Osteoporosis is a silent killer. This is even more true when it comes to men. Men are rarely screened for it and you don't feel the signs or symptoms.
And usually the only time men discover they have dangerously thinning bones is when they fall and break a bone.
When women hit menopause their bone loss declines sharply. For men, the bone loss is much more gradual. But doctors say if a man should suffer a fracture the complication risk is much worse.
"The mortality rate after a hip fracture is about twice as much in men as it is in women," said Dr. Alberto Odio, Alta California Medical Group.
Although fractures due to weak bones occur in one in four men over 50, it's difficult for men to detect it early because Medicare doesn't cover screening in men. So doctors have to look at risk factors. It's prevalent in Caucasian and Asian men with a sedentary lifestyle.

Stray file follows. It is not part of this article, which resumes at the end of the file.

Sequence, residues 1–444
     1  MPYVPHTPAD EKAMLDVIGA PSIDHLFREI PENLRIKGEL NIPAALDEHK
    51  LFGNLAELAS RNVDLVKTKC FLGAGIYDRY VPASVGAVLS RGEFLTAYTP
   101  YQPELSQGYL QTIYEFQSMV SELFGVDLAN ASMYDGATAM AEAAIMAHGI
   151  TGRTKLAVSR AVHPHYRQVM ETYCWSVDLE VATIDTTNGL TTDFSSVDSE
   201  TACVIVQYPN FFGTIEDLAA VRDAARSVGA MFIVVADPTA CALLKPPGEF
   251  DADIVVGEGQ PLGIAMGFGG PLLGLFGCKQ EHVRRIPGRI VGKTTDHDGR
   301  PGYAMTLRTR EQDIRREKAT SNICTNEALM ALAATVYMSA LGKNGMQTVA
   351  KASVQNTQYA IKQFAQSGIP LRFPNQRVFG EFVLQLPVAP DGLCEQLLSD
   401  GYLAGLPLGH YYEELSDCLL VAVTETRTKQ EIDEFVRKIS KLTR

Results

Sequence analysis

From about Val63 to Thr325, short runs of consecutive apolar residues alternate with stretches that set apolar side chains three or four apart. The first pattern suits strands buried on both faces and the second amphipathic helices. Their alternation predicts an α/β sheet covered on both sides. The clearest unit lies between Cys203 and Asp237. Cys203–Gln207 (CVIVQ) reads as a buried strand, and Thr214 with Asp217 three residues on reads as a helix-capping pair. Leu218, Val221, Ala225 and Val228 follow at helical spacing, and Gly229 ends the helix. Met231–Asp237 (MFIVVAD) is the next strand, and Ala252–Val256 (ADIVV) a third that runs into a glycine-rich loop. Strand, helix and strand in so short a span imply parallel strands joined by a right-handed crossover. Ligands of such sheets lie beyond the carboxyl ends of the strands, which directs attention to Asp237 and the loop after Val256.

"If they have risk factors, one being if they're smokers, if they drink a lot of alcohol, more than two drinks a day," said Dr. Tannaz Zahirpour, Alta California Medical Group.
The first line treatment for men is same as women: Bisphosphonate drugs such as Boniva and Fosamax. But studies show they stop working after five years and they have side effects.
So doctors at Alta California Medical Group are testing a new drug called Odanacatib.
"This blocks the resporption of bone so that the osteoclasts is not as active, and so it allows the balance between making bone and losing bone to tilt in a positive direction," said Odio.
Men in the study receive free DEXA-scans as doctors follow their progress.
Odio recommends men over 60 get a one-time DEXA-scan to see where they are regardless of insurance coverage.
And men should talk to their doctor about taking calcium.
The study is still looking for participants.
Alta California Medical Group
2925 Sycamore Drive
Simi Valley, CA 93065